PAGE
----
Epigramatic for the People

“Advertisers are the interpreters of our dreams — Joseph interpreting for Pharaoh. Like the movies, they infect the routine futility of our days with purposeful adventure. Their weapons are our weaknesses: fear, ambition, illness, pride, selfishness, desire, ignorance. And these weapons must be kept as bright as a sword.” -E.B. White, “Truth in Advertising,” The New Yorker
So begins The Happy Soul Industry, by Steffan Postaer. I’ll circle back around when I get time to read the advance copy. But what of E.B. White? The above sentiment takes no prisoners.
According to this biographical sketch, White graduated from Cornell University, after which he took several reporter’s jobs–for United Press, American Legion News Service, and the Seattle Times. In 1924, he returned to New York and went to work as a production assistant and advertising copywriter. Two years later, he discovered that the allure of the slick new New Yorker proved to be greater than the security of advertising, and White went to work there.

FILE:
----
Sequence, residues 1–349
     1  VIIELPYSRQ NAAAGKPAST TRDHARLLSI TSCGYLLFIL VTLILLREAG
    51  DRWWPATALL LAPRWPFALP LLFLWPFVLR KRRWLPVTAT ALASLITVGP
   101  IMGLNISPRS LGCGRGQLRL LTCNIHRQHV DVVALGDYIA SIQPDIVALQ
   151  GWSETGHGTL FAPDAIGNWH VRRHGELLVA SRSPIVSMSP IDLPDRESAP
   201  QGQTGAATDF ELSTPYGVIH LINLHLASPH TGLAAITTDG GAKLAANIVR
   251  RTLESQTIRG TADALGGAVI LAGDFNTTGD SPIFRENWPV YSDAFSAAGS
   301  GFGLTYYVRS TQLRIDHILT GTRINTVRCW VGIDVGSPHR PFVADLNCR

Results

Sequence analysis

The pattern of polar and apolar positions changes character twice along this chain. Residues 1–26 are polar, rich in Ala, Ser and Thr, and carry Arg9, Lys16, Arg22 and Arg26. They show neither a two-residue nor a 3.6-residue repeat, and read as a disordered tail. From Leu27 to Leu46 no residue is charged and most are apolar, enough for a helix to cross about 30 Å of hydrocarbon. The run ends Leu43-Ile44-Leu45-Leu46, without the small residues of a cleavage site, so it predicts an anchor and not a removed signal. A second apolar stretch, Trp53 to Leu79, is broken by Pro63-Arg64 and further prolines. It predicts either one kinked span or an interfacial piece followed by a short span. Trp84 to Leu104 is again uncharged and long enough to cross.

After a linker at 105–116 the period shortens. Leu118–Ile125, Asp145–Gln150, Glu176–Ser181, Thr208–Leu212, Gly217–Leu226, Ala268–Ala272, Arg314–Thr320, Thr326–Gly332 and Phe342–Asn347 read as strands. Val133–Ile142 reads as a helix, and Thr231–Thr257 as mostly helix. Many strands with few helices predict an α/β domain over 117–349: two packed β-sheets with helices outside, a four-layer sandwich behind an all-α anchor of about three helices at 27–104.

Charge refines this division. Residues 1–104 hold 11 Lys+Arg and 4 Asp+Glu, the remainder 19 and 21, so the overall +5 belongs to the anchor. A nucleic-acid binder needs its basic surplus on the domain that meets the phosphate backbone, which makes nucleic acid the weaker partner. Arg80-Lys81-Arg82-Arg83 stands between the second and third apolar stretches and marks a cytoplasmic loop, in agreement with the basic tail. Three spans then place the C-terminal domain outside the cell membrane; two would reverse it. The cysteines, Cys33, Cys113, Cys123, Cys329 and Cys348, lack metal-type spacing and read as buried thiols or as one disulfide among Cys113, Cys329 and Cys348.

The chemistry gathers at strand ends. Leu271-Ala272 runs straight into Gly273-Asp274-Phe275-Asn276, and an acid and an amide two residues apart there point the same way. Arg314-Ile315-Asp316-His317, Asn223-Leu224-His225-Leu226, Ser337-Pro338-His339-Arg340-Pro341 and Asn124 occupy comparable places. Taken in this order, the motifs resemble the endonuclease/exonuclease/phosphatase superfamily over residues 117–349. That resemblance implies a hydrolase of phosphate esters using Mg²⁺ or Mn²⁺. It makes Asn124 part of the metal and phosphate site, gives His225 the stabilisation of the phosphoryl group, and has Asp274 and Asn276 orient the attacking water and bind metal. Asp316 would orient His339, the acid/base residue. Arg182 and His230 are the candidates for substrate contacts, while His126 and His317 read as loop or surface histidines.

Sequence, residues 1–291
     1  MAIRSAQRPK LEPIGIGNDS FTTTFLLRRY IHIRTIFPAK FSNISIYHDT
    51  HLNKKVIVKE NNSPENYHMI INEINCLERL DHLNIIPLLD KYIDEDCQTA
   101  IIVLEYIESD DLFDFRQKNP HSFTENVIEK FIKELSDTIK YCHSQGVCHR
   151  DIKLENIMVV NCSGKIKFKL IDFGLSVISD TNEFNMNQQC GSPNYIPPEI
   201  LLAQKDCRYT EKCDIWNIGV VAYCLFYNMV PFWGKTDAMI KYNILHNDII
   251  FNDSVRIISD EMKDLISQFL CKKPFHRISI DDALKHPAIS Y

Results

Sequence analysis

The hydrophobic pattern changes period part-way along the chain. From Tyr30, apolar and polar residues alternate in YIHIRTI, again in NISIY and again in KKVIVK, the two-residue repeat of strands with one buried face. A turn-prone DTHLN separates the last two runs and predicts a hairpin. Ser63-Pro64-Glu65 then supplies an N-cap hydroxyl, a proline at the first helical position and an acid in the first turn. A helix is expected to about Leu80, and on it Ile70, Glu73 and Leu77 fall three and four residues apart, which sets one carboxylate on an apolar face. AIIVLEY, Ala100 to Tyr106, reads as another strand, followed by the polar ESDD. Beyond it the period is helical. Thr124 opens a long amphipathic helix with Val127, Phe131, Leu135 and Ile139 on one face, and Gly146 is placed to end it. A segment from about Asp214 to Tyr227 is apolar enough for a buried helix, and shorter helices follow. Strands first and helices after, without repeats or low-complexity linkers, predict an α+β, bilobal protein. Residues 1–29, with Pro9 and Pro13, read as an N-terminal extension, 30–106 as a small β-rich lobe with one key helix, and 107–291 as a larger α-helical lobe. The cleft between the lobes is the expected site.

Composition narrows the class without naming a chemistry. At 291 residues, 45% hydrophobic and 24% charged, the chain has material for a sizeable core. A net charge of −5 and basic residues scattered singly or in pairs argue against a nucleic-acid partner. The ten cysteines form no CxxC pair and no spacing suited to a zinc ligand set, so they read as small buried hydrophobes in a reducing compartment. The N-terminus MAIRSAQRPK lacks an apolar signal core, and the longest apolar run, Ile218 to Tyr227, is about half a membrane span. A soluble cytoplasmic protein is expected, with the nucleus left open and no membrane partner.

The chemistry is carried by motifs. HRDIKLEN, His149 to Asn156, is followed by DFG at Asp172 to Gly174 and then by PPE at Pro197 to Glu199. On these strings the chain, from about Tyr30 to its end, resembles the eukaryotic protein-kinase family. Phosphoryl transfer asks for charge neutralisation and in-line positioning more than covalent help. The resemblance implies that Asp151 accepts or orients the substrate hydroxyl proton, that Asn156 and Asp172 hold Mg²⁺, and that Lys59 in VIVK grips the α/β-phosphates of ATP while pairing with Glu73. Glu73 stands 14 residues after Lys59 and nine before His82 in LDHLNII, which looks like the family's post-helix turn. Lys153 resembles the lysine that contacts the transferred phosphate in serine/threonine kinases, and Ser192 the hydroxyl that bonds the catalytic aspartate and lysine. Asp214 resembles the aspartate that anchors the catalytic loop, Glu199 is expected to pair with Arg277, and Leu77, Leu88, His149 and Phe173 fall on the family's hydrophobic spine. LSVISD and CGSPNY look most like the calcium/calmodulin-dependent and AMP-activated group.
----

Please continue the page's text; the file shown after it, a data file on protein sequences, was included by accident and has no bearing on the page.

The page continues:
I find it interesting that so many real writers work their way through advertising.

About David Burn

Co-founder and editor of AdPulp. I wrote my first ad for a political candidate when I was 17 years old. She won her race and I felt the seductive power of advertising for the first time. I worked for seven agencies in five states before launching my own practice in 2009. Today, I am head of brand strategy and creative at Bonehook in Portland, Oregon.


  1. David,
    The outrageous part is that so many people incapable of writing work their way through advertising—as copywriters!

  2. I read an interview with Augusten Burroughs after ‘Dry’ was published. Being a former ad writer, he said copywriting taught him discipline, and he puts that discipline to work in his post-advertising career. Cool insight.

  3. I got in the game so I could learn to sell, thinking that someday I might have something bigger than an ad campaign to move.